North Korea has indigenous supplies of natural uranium, but whether it can produce uranium hexafluoride is unclear. A former State Department official familiar with North Korea’s nuclear programs told Arms Control Today Feb. 22 that, as of October 2002, there was no evidence that North Korea possessed a facility for producing uranium hexafluoride. North Korea does have a facility for producing uranium tetrafluoride, a uranium compound that is then converted to uranium hexafluoride, that was frozen under the Agreed Framework, the official said.

The case that North Korea manufactured UF6 at Yongbyon before October 2002—the UF6 shipment to Libya occurred in 2001—is weak. IAEA Inspectors were present at Yongbyon though much of 2002. Although I haven’t been able to confirm the environmental sampling conducted by inspectors through 2002, a Western centrifuge expert told Mark Hibbs “If (the IAEA) did any environmental monitoring in the neighborhood of a centrifuge plant and (DPRK) UF6 management wasn’t absolutely watertight, they would eventually find it.” [Mark Hibbs, DPRK Enrichment Not Far Along, Some Intelligence Data Suggest, Nucleonics Week 43:43, October 24, 2002, p.1]

Citing uncertain sources, the IISS dossier on North Korea’s nuclear programs, suggested in 2004 the fluorine lines were badly corroded and in need of repair.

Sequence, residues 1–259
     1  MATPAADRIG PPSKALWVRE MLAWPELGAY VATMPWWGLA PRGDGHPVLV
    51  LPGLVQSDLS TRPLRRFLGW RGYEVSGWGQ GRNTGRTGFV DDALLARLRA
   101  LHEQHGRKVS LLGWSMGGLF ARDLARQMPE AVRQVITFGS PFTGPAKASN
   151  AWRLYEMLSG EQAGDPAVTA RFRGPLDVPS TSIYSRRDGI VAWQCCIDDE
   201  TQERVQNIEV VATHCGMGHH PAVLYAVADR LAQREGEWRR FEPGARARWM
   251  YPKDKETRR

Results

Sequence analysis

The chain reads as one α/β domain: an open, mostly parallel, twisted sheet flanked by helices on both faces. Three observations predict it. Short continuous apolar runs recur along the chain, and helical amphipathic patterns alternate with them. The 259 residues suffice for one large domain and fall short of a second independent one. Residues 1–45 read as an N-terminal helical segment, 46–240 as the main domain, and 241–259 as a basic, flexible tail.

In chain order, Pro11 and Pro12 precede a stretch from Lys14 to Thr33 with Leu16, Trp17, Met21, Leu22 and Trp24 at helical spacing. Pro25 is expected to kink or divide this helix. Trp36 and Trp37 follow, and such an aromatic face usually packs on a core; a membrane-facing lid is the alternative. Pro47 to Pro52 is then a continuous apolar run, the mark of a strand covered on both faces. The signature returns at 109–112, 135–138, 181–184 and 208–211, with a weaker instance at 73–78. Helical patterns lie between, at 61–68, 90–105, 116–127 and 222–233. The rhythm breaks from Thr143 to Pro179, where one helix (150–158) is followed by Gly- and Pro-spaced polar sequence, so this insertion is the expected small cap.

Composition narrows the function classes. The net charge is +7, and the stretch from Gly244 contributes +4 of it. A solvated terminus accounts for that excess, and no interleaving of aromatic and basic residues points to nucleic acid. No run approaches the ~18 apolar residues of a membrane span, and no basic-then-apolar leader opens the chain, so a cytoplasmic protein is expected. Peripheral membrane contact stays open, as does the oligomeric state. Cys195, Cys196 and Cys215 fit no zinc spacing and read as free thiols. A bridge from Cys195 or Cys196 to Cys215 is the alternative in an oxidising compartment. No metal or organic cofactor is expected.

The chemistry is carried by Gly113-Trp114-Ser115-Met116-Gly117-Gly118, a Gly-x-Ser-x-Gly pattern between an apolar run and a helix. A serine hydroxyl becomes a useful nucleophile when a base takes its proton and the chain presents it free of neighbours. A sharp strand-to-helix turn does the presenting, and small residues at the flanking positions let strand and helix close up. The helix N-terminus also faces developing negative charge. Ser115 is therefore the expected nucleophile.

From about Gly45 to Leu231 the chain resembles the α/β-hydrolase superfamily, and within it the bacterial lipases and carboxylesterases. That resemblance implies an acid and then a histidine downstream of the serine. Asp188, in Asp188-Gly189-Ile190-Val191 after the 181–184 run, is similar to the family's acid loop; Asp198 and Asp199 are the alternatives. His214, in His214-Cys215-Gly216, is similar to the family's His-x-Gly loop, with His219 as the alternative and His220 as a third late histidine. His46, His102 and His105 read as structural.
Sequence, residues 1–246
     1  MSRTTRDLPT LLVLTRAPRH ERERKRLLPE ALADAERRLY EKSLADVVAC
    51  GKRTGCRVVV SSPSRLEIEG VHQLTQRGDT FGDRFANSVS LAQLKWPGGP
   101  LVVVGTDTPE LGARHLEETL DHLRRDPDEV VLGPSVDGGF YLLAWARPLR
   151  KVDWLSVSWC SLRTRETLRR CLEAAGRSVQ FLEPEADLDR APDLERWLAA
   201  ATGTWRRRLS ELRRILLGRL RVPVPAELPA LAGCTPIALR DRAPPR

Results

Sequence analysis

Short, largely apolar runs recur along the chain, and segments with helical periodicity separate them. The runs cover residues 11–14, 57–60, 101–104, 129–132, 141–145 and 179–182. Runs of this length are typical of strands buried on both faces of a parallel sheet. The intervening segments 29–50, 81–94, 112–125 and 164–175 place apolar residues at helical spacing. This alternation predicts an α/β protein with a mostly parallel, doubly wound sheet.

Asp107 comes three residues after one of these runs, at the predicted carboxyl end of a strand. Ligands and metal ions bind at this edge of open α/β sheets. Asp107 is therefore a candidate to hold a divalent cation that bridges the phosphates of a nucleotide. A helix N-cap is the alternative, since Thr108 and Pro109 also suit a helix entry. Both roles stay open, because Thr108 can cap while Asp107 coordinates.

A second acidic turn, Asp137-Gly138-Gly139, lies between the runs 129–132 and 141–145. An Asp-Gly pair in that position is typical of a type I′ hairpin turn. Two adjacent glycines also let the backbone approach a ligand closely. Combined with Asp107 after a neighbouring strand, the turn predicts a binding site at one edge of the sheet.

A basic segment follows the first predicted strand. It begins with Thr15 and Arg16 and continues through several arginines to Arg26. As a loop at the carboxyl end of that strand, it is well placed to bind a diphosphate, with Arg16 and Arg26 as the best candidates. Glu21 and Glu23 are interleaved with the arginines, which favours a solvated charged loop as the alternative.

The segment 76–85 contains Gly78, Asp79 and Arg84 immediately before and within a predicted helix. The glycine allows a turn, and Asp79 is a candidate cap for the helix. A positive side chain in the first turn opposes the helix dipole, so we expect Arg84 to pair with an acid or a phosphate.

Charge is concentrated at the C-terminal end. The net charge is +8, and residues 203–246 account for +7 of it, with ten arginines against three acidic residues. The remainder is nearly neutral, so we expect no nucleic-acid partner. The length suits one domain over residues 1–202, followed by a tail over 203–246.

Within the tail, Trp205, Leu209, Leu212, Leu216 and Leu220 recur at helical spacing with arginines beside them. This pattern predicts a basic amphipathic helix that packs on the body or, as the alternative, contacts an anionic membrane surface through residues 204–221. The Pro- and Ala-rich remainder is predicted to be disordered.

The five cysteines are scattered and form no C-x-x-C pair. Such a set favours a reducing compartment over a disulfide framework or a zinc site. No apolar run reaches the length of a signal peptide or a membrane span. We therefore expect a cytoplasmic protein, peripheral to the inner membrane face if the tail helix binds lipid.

Whether North Korea has repaired the lines and acquired the capability to produce UF6 since 2002 is less clear, though the evidence is not very convincing.

In September 2003, Western officials told Mark Hibbs that North Korea was “poised to begin production of UF6 at Yongbyon” citing recent satellite images of Yongbyong showing “a lot of materials there which are stacked up in drums…” [Mark Hibbs, “DPRK poised to embark upon UF6 production at Yongbyon,” Nuclear Fuel 28:18, September 1, 2003, p.3]

Two years later, the story doesn’t appear to have advanced much—analysts recently told Hibbs “the DPRK may also have learned how to produce clean … UF6” at the site” without explanation.

In Paul’s most recent article, a former State Department official describes the intelligence on as “pretty sketchy”—which strikes me about right. Paul also reports that knowledgeable current and former U.S. officials offered “differing assessments” in published accounts and interviews with Arms Control Today.

I doubt that North Korea could produce “clean” UF6, given the failures of recent off-the-shelf (Libya) and indigenous (Iran) efforts.

Despite all this, most articles raise the possibility of a hidden UF6 facility somewhere in North Korea. Many hawks seem wedded to this idea, which brings us to the point: What happens when North Korea does not declare a secret UF6 production facility?


  1. John M. (History)

    The transcript is now available. Unfortunately, Ambassador Hill gave no hints about how insistent the US would be in demanding specific details about a UE program, and no member of the press corps thought to bring up this issue. More generally, the transcript reveals Hill prepared to engage in some serious 2-way diplomatic discussions with North Korea. He clearly indicates that if in future talks the North Korean side is found to be forthcoming, the US is going to have to offer up something in return fairly immediately, an encouraging gesture and high-profile words to be held to by all the other parties to the talks.